Sunday, January 26, 2014

Initial SEO Strategy: Tips That You Must follow Before Optimizing Your Site

Initial SEO Strategy: Tips That You Must follow Before Optimizing Your Site

Essential search engine optimization (SEO) is basic. What's more fundamental. SEO will help you position your site appropriately to be found at the most basic focuses in the purchasing methodology or when someone require your website.

What are web crawlers searching for? In what manner would you be able to fabricate your site in a manner that will please both your visitors/customers, and Google, Bing, and other web crawlers? Above all, in what manner can SEO help your web existence get to be more beneficial?

"Skipping the basics and spending all your time and money on social and 'fancy stuff' is the same as skipping brushing your teeth and showering, but buying white strips and wearing expensive cologne," Shelby (Director of SEO, Chicago Tribune/435 Digital) said.

#What is SEO, Basically?
The objective of foundational SEO isn't to trick or "diversion" the internet searchers. The reason for SEO is to:
  • Make an incredible, consistent visitor experience. 
  • Convey to the web crawler your expectations so they can propose your site for significant query.
Your Website is Like a Cake
Your links, paid query, and social media goes about as the icing, however your content, web data structural planning, content administration framework, and base go about as the sugar and makes the cake. Without it, your cake is flavorless, exhausting, and gets tossed in the garbage.

Wednesday, January 22, 2014

Google Webmaster Tools Crawl Errors Reports Now Showing Errors On Final Redirect URL

In the past, we have seen occasional confusion by webmasters regarding how crawl errors on redirecting pages were shown in Webmaster Tools. It's time to make this a bit clearer and easier to diagnose! While it used to be that we would report the error on the original - redirecting - URL, we'll now show the error on the final URL - the one that actually returns the error code.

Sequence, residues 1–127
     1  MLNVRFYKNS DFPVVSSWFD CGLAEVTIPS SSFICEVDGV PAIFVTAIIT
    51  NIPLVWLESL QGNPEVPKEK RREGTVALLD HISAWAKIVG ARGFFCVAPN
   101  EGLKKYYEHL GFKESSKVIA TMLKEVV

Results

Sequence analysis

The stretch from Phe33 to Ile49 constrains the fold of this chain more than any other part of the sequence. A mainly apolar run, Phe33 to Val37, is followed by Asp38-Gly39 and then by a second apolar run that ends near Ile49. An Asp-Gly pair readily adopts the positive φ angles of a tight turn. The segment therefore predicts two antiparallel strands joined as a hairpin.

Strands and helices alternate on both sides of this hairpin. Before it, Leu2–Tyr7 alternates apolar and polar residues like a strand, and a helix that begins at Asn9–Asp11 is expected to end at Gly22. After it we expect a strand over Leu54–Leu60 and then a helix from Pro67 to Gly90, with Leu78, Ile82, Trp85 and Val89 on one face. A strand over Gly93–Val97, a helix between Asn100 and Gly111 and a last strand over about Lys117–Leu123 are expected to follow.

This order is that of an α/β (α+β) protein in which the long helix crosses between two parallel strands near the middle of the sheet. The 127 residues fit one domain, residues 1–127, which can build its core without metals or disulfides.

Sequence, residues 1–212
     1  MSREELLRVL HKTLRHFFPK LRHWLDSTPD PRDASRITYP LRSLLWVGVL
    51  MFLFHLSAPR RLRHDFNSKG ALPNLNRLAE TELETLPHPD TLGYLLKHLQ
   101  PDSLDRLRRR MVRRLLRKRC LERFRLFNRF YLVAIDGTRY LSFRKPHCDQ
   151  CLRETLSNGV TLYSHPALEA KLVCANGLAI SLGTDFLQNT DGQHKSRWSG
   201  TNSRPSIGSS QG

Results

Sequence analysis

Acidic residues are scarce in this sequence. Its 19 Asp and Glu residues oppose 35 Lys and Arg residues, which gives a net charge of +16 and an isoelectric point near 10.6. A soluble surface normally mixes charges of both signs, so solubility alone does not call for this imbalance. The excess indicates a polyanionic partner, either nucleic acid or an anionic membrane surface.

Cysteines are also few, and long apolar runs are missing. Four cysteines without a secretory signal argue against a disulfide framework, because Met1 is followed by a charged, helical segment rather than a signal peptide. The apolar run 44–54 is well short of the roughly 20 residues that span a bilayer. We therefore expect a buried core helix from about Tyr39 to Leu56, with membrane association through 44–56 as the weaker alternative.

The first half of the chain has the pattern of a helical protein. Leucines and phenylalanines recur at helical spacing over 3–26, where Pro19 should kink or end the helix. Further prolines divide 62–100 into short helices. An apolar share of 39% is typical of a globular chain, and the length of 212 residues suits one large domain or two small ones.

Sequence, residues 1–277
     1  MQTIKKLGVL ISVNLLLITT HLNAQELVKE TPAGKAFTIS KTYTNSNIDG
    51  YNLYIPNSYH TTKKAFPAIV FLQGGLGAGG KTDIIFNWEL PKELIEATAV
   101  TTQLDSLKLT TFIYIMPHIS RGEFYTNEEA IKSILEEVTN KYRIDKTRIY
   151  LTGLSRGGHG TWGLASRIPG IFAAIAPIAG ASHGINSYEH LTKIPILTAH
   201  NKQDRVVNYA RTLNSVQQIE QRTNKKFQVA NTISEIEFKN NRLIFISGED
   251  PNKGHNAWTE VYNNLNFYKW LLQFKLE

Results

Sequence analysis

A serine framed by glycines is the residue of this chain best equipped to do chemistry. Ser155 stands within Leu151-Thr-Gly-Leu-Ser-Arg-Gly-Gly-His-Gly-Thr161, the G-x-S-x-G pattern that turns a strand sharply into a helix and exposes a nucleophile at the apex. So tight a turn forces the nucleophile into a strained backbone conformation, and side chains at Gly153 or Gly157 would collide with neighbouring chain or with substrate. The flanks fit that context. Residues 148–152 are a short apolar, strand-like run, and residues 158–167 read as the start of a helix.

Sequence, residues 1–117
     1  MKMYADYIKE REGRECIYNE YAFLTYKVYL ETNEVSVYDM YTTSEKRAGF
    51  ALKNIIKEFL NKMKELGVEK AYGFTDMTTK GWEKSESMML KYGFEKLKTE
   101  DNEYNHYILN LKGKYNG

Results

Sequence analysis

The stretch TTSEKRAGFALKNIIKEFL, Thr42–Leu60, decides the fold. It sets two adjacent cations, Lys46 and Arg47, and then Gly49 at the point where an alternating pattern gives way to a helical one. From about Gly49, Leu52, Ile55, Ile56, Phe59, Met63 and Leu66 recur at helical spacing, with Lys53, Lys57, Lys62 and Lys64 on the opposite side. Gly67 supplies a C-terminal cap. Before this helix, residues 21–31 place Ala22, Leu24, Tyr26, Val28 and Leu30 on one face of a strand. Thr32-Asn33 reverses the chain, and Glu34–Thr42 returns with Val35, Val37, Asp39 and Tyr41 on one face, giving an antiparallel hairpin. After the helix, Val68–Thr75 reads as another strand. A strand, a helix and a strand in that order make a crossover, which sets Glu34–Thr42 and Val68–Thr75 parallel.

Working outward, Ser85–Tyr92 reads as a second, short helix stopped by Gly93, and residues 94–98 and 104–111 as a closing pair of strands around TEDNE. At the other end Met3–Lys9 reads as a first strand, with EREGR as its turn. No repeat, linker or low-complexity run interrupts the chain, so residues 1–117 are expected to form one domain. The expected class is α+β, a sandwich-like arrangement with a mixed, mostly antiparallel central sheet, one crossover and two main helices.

Let's look at an example:

URL A redirects to URL B, which in turn returns an error. The type of redirect, and type of error is unimportant here.
In the past, we would have reported the error observed at the end under URL A. Now, we'll instead report it as URL B. This makes it much easier to diagnose the crawl errors as they're shown in Webmaster Tools. Using tools like cURL or your favorite online server header checker, you can now easily confirm that this error is actually taking place on URL B.
This change may also be visible in the total error counts for some websites. For example, if your site is moving to a new domain, you'll only see these errors for the new domain (assuming the old domain redirects correctly), which might result in noticeable changes in the total error counts for those sites.
Note that this change only affects how these crawl errors are shown in Webmaster Tools. Also, remember that having crawl errors for URLs that should be returning errors (e.g. they don't exist)does not negatively affect the rest of the website's indexing or ranking (also as discussed on Google+).
We hope this change makes it a bit easier to track down crawl errors, and to clean up the accidental ones that you weren't aware of! If you have any questions, feel free to post here, or drop by in the Google Webmaster Help Forum.